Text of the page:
Even when I was completely vegetarian, it was difficult not to consume any product that harmed animals in some way or other. I don’t think there’s a way to live as part of our society and be completely free of this that I feel is actually a terrible sin. I think I need to try harder to do better, though. I don’t think me throwing up my hands and saying “What can I do?” is really helping.

    Maybe this is one of those things where we learn line by line and precept by precept. At one point humans from other cultures were treated as we now treat domestic animals, by many cultures including ours. It’s still true in some places worldwide. Women were treated as domestic property, and still are in some places. Is there any doubt that those who afford full rights to women, or to people of other ethnicities, religions, etc. are more advanced and enlightened than those cultures who don’t? I look forward to the day when our culture becomes more enlightened in our treatment of animals. I want to do what I can personally to hasten that day.

  18. Steve Evans says:

    “literally our cousins”

    hunh?

  19. I think it’s telling that when we associate closely with a species, for instance dogs, cats, or horses, we lose our appetite for eating them. They become “people” to us. Some people dismiss our feelings for our companion species, saying we’re merely anthropomorphizing them.

    I hear what you’re saying, but at the same time I think that judging personhood by the metric of whether or not the thing evokes feelings of attachment and anthropomorphization in us is not a good way to go. We are extremely susceptible to these feelings, even when they are objectively totally unwarranted.

    This is a problem that often comes up in Artificial Intelligence research–if we are able to come up with a superadvanced AI that seems to have human behaviors, is it morally wrong to unplug it? We might become attached to these AI companions and feel the answer is yes. But again, I think our attachment is a very weak metric.

    Ikea does a nice job of illustrating this. Try not to become attached to this lamp in the all of 30 seconds you are acquainted with it: http://www.youtube.com/watch?v=I07xDdFMdgw

  20. Steve, all living things on earth are literal descendants of some archaeobacterium, a photosynthetic bacterium that was the only living thing on earth some 3.5 billion years ago. We’re all cousins. Mammals branched out from shrewlike things some 65 million years ago. Just as humanity is all one family, so too is life on earth, albeit more distantly related. The reason we find it so easy to form attachments with cats, dogs, horses, monkeys, is that we share so many features due to common ancestry. They are our cousins.

    Cynthia, I understand that we do tend to form attachments with nonliving things as well, such as stuffed animals or our cars, or computer programs named Eliza. =) All these things that we form “false” attachments to have in common that they were created by humans specifically to evoke the feelings involved. It’s true of the Ikea lamp commercial too. That’s what makes the difference to me. I don’t think feelings of attachment can be dismissed just because they can also be evoked deliberately by clever animation, or by plush toys, or fictional characters or good programming.

  21. I am going to second, Cynthia. Our ability to feel compassion for some thing is a poor standard for judging its moral capacity. Some people really love their cars and everyone anthropomorphizes their computers.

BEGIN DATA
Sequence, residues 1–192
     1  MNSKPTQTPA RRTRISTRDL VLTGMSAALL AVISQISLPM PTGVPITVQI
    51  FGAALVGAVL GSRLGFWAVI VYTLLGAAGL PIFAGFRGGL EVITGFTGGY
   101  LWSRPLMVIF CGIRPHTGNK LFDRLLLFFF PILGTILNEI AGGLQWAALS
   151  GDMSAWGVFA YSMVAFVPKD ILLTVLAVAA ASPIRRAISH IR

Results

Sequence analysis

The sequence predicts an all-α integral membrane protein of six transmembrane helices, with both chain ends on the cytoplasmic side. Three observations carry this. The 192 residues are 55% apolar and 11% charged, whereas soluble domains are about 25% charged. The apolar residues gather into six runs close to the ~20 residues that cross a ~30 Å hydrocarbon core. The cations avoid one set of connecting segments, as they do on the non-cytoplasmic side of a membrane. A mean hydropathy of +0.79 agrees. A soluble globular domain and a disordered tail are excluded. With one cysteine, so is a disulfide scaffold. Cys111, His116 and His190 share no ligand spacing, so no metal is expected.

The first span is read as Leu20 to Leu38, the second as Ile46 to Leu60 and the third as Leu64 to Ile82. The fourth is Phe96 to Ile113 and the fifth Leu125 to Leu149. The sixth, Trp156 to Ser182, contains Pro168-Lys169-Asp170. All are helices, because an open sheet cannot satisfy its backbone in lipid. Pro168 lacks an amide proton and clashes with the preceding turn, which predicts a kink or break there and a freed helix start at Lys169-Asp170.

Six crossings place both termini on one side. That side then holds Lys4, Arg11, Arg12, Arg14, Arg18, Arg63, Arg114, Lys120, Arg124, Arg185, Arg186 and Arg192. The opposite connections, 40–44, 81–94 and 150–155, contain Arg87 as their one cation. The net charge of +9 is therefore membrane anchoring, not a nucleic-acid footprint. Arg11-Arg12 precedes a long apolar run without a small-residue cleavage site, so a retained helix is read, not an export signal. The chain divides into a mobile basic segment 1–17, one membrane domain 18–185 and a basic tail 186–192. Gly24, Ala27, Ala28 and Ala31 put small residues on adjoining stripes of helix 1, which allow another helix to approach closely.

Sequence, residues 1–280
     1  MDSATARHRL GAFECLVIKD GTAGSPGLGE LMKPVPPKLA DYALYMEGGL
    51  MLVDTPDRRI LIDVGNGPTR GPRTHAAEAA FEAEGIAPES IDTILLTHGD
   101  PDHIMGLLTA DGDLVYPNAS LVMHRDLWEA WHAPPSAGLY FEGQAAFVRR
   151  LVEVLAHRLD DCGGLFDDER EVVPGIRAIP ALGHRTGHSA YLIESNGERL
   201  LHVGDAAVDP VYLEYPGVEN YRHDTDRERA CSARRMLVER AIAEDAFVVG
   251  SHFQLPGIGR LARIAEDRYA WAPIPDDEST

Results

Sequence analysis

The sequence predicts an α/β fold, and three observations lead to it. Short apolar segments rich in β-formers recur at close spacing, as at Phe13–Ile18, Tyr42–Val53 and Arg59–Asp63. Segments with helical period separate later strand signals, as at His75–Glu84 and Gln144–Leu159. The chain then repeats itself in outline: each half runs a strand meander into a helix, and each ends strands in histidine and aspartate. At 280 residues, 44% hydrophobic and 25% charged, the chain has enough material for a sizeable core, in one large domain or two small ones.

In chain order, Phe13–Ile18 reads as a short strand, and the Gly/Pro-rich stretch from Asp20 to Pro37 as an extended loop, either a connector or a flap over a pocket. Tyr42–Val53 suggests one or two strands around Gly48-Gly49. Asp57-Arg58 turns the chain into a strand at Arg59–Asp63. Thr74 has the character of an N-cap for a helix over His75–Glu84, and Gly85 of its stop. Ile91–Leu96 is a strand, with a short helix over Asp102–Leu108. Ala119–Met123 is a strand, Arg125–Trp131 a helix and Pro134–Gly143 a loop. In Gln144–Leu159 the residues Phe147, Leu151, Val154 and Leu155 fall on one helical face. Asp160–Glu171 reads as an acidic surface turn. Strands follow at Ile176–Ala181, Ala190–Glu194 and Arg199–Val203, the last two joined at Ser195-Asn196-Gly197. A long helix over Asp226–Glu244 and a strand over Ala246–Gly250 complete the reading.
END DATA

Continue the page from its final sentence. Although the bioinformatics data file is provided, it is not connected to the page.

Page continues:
Also, I think I was unclear on something. I think that our special status in the world IS justified by God granting us special status. In other words, I believe that we are different in kind as well as in degree. No Gorilla has within it the potential ability to become an Einstein or a Mother Teresa. All children do.

  22. It’s true that people can feel attachments for things like blankets or stuffed animals or fictional characters, and that doesn’t make the blanket a moral agent. Though I don’t want to get off onto a tangent, there’s a sense in which these attachments do warrant our respect. There are deep mysteries involved in the love of a child for a doll or stuffed animal, as countless tales illustrate (Pinocchio, The Velveteen Rabbit, Pygmalion, etc.) I think that’s a topic for another post.

    But is there any doubt that in the history of our culture, the mainstream has dismissed as unrealistic silly sentiment the idea that slaves should be treated as real people, or that women should be allowed to vote and own property, the idea that people from other cultures should be respected and heard, and so on? In every case hasn’t the unrealistic silly sentiment won out as we grew in knowledge and in power? Isn’t it true that encouraging and developing tender feelings like kindness and love is a major theme in our moral development? I’m not sure we should dismiss such feelings without a lot of prayer and soul-searching.

    If we should happen to meet an extra-terrestrial species more intelligent and more advanced than humanity, should they treat us the way we treat gorillas?

    I don’t know what the answer is, but I think it’s very important for us to keep searching for it, and leave ourselves open to the thought that we can advance morally and intellectually to become much much more than we are now. Part of that advancement seems to me to be recognizing the oneness we share with other living things.

  23. Steve Evans says:

    “If we should happen to meet an extra-terrestrial species more intelligent and more advanced than humanity, should they treat us the way we treat gorillas?”

    Yes. I, for one, welcome our new overlords.

  24. Larry the cable guy says:

    “Of all of God’s creations, man is the one that least fulfills the measure of it’s creation.”
    — a now forgotten MTC devotional speaker (c’mon, there’s one every three days)

    All living things have the privilege of calling themselves a creation of God. As a human race, we have the additional privilege of being children of God, cast in his image and imbued with the spiritual DNA of deity.

    If you follow 2 Nephi 2 from about verse 13 through 26 you see a wonderful explanation of how man’s creation differed from that of the rest of the earth, concluding that we were designed “to act for (our)selves and not to be acted upon.”